Wednesday, March 02, 2005

Alcohol and pregnancy

America is an odd society. There is a lot of "Do as I say, not as I do" that goes on here. Perhaps it is the same elsewhere, but I've only lived in America, so it is what I comment on. A friend of mine earlier this week sent me a link to a group headquartered in Livonia, MI that is attempting to combat MADD: Responsibility in DUI Laws or R.I.D.L. The group is not advocating drinking and driving, but rather feels that our prohibitionist ways have pushed the limits too far. I can appreciate their concerns. I know a lot of people who have a drink or two and then drive home - I mean, A LOT. I'm not advocating that this is always a good idea, but I do think we need to be level headed when approaching this topic and an investigation into MADD's "evidence" to support their case is not such a bad thing - it's called peer review in scientific terms.

Before you get on your high horse about my stance, let me answer a couple of comments that get thrown at me each time I bring up such things: Yes, I have had loved ones - including family and friends - killed and maimed by drunk drivers. That still doesn't mean I need to jump to an irrational, prohibitionist approach to the topic. For the record, I've been known to drink. Also for the record, I haven't had a drop in a couple of months.

To digress: I've never been known to smoke cigarettes, but I have been known to deplore laws that ban smoking in private establishments. I don't have a problem with banning smoking at public locations such as hospitals, city hall, stadiums, etc. But in bars and restaurants, I think the owner can best make the choice as to what s/he wants in hers/his clientele. Many establishments were making these changes towards non-smoking anyhow. To my mind, politicians were just trying to look good for a trend. Isn't it funny how they tend to do such things when they are relatively easy, but lower the carcinogens produced by combustible engines - you know, the ones I breathe when I stand on the corner of my block and that invade my lungs far more than second hand smoke - and the politicians become mute?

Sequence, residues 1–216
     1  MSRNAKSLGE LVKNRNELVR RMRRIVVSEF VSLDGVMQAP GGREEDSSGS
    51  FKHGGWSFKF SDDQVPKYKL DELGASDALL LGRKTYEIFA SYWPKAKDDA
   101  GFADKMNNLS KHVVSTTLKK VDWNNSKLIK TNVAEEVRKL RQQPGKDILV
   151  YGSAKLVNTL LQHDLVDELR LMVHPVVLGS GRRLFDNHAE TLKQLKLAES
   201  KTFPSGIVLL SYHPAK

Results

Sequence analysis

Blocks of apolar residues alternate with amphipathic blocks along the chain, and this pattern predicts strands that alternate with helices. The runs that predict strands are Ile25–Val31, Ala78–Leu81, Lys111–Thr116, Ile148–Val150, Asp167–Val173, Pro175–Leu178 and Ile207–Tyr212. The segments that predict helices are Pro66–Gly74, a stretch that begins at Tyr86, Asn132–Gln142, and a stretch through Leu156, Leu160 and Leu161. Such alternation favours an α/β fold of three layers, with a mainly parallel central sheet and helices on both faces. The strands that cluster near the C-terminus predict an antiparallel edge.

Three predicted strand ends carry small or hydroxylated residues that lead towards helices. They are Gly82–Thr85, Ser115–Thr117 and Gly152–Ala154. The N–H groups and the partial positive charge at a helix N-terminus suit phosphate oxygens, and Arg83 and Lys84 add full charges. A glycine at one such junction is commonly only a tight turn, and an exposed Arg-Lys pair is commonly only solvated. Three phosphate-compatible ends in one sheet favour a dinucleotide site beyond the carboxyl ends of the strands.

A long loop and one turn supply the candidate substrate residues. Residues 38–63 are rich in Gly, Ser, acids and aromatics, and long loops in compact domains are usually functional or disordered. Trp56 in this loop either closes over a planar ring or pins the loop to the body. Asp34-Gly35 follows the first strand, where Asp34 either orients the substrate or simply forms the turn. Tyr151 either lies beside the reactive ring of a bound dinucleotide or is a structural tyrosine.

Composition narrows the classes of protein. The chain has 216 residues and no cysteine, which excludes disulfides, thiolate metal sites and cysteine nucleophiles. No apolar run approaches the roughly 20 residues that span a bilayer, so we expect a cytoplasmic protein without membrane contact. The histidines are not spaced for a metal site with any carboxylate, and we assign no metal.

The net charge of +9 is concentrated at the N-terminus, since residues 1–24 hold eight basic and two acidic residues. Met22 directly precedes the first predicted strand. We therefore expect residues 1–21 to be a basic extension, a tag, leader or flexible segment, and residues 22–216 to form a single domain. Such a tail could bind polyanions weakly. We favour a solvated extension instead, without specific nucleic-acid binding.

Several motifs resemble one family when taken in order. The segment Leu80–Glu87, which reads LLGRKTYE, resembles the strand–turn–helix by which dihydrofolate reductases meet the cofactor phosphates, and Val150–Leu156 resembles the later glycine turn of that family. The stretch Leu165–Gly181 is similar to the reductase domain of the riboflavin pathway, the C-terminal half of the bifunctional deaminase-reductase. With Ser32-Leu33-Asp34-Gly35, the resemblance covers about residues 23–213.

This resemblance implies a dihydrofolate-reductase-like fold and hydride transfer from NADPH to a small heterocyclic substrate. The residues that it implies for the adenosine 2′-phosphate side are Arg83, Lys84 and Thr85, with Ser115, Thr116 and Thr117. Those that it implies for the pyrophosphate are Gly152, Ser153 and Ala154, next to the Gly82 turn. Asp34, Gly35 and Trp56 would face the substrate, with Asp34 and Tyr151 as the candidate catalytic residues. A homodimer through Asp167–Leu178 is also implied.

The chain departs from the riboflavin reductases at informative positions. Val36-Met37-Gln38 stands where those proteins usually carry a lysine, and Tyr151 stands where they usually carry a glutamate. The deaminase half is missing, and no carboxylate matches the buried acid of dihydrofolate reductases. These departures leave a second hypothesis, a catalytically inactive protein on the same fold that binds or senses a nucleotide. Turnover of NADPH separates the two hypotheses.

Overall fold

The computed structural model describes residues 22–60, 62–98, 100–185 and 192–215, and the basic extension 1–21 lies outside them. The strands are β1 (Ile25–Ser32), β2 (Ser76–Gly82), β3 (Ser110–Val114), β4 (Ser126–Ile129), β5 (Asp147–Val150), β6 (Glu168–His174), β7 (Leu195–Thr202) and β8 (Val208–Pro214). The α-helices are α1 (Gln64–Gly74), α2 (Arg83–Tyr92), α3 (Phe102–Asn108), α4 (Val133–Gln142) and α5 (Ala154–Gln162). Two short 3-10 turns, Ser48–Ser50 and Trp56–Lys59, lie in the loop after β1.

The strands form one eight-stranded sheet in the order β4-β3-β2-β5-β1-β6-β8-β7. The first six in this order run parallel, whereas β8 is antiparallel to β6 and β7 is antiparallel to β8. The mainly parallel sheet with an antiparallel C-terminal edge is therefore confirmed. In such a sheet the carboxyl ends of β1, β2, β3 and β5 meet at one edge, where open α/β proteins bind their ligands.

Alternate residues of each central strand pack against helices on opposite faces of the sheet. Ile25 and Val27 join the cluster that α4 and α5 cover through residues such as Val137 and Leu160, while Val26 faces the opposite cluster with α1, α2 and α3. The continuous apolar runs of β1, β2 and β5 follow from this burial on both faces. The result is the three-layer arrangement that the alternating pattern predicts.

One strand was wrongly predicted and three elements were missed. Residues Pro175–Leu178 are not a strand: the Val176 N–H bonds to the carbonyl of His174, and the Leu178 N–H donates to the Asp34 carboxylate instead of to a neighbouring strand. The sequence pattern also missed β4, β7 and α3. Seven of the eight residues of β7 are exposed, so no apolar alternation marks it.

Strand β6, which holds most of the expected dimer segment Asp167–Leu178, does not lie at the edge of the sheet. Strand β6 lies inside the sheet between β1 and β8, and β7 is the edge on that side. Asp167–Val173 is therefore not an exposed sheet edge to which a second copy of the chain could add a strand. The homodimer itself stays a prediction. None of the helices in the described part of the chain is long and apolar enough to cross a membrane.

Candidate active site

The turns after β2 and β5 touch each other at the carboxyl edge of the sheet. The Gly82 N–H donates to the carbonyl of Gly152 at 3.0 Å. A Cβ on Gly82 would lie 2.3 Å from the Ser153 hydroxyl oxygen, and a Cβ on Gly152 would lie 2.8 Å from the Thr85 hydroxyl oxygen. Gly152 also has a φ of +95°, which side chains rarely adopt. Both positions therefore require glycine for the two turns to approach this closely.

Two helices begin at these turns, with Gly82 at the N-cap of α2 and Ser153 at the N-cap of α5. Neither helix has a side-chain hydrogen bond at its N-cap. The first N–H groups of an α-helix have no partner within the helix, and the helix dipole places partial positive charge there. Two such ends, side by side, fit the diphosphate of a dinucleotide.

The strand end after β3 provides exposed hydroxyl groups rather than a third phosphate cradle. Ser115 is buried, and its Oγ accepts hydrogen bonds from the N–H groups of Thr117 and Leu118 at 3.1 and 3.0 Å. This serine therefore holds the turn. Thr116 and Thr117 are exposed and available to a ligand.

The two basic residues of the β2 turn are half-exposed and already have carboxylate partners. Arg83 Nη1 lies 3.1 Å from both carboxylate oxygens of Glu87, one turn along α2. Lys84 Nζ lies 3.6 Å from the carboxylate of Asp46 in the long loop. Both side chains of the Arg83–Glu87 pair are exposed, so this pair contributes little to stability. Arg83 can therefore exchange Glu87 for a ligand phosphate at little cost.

The anti-cigarette movement is also part of the larger prohibitionist movement that includes drinking and other drugs. It's part of a movement where some people, often with the best interests of others and society as a whole, are trying to make the world safe for everyone and everything. Just as employees who are drug tested for tobacco or are told not to participate in sports - extreme or otherwise - outside of the work place or who are told to lose weight. To my mind, that is prohibition in the big picture and it often is a "Do as I say, not as I do" issue.

So, back to alcohol, which is definitely been part of prohibition in law as well as societal pressure for decades - longer than cigarettes or other drugs and long before the invention of sky diving. In addition to the site above, I noticed a post today on the blog, Stone Court, which references Echidne of the Snakes as well as this article and this book. The discussion they broach is the concept of moderate drinking while pregnant. The Surgeon General in the U.S. recognizes no form of moderate drinking may be OK during pregnancy as part of it's campaign against fetal alcohol syndrome. Europeans, however, are less certain. Are, once again, America's prohibitionist tendencies overwhelming the scientific evidence on this topic?

Once again, no one is saying that women should drink either. The issue is whether we're letting hysteria or hidden agendas push for stances that science does not necessarily support. As with drugs in general, I don't think it behooves us to think of these things in extreme manners. Nor does it serve anyone's cause well when their cause is not supported by scientific fact. Kids often try a variety of drugs because, often after the first experiment, they realize that a lot of the scare tactics described as information prove to be false. As adults, our society tends to swing to a backlash that goes to an extreme as well. We need to keep our heads and, in the meantime, it would behoove us if our laws reflected a nod towards what we practice rather than what we preach.

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